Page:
A response to treatment of the acute phase of depression should be seen in six to eight weeks, with a return to the patient’s baseline level of symptom severity and functioning considered a remission. If a remission is achieved, the 16–20 weeks following the acute phase is considered the continuation phase, during which patients treated with antidepressant medication should be continued on the medications to prevent relapse. A relapse is considered the return of significant depressive symptoms or dysfunction after a remission. Although the use of psychotherapy in the continuation phase to prevent relapse has been studied less, increasing evidence supports the use of effective psychotherapy, with the patient’s clinical condition and specific treatments determining the number of visits. Patients for whom medication and psychotherapy alone or in combination have not been successful may benefit from electroconvulsive therapy during the continuation phase, although little formal study has been done (American Psychiatric Association, 2000).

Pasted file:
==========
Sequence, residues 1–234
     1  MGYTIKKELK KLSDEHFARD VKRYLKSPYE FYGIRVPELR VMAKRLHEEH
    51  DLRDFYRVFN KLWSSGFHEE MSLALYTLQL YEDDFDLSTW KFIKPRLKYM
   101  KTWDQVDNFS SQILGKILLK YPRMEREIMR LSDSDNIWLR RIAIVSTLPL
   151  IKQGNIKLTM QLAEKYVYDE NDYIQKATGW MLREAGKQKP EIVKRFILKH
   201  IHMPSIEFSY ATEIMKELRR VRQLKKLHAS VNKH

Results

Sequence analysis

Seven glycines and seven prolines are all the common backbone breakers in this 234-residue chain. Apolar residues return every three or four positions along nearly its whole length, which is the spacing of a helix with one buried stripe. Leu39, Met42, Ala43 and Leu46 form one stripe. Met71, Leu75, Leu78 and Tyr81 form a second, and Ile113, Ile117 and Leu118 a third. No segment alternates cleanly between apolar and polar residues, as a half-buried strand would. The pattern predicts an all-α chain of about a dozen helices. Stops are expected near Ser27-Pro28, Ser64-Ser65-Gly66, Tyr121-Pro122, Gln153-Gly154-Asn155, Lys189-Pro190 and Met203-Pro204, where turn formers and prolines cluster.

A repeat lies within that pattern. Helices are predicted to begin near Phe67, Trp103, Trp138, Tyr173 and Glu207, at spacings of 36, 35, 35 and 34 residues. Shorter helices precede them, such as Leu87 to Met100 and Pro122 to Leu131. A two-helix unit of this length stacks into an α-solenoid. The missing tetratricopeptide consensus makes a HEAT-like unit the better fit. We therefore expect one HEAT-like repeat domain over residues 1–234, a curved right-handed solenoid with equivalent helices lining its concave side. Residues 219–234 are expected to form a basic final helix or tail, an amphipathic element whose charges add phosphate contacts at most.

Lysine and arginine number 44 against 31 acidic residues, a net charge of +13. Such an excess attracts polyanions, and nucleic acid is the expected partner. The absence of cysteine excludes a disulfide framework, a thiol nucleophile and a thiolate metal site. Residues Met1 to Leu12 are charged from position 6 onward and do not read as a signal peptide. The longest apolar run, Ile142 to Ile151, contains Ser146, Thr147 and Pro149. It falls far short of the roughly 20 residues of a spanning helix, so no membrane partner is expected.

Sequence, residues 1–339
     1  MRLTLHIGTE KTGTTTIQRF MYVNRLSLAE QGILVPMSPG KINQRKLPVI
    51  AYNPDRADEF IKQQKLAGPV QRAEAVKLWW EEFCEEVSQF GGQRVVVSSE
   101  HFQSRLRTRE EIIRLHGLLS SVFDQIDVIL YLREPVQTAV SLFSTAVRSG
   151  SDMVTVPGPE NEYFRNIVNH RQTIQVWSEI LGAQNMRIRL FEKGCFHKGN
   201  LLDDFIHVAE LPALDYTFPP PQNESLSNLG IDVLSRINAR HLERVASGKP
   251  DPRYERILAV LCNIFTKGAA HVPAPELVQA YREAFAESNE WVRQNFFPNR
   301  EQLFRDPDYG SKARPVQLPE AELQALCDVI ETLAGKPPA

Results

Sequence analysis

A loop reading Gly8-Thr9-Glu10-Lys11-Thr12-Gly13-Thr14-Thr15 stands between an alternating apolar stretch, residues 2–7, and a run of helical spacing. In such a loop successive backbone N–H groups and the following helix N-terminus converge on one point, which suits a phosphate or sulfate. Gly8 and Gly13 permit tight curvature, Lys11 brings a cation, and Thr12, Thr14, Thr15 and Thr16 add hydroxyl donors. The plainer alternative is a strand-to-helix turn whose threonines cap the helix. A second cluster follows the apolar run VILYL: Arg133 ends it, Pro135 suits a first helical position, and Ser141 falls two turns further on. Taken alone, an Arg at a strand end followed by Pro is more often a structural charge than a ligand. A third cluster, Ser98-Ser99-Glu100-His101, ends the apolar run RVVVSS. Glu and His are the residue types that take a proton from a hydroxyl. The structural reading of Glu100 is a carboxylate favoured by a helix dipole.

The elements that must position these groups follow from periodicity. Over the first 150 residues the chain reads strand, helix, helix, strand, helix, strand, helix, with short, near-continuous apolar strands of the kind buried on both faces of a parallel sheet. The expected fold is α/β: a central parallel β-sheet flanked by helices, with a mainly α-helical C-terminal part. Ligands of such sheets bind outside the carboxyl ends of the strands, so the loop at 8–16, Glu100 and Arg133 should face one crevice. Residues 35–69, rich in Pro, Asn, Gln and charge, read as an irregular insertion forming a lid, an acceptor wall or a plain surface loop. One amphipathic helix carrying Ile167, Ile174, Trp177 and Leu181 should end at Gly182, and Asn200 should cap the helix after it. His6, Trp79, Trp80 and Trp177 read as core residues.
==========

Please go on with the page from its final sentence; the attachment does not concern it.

Patients who complete the continuation phase without relapse enter the maintenance phase of treatment, during which the effective treatments used during the acute and continuation phases should be continued. The length of the maintenance phase varies based on the frequency and severity of past major depression episodes. The goal is to protect individuals from relapse (American Psychiatric Association, 2000). The decision to discontinue active treatment is based on the persistence of symptoms, the probability of recurrence, the frequency and severity of past episodes of depression, and the benefits and undesirable effects of treatments.